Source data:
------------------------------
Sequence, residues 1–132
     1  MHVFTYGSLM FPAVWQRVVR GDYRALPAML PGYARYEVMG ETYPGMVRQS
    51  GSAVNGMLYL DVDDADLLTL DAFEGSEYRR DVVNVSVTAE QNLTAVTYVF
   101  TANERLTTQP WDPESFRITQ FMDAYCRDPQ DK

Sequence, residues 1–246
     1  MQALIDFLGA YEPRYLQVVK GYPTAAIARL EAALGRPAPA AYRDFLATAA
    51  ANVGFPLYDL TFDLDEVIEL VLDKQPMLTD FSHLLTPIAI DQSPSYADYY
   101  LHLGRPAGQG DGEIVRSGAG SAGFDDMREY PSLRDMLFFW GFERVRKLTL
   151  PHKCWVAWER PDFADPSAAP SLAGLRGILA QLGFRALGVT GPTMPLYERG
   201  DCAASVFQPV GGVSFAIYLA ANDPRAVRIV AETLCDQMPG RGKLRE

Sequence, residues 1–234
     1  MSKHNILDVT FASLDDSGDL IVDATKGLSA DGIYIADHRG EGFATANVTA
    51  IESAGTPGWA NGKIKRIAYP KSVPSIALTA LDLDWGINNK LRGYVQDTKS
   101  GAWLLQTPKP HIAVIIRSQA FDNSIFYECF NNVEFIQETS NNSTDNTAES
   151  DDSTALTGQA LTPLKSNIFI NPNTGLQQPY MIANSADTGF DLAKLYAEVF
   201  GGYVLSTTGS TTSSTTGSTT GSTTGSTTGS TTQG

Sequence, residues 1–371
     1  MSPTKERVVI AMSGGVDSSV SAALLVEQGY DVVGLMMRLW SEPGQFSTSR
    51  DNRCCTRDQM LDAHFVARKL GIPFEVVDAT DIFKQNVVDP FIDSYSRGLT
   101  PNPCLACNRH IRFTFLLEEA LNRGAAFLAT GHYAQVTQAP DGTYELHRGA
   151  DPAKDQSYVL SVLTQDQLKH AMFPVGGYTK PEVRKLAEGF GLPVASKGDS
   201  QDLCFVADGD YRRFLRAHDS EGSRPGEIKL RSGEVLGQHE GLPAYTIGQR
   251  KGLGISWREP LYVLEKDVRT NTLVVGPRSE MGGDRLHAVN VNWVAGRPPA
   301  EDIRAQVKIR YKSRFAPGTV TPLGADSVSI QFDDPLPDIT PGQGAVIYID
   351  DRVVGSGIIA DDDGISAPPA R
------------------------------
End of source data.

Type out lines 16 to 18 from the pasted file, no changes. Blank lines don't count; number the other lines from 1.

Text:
   201  GGYVLSTTGS TTSSTTGSTT GSTTGSTTGS TTQG

Sequence, residues 1–371
     1  MSPTKERVVI AMSGGVDSSV SAALLVEQGY DVVGLMMRLW SEPGQFSTSR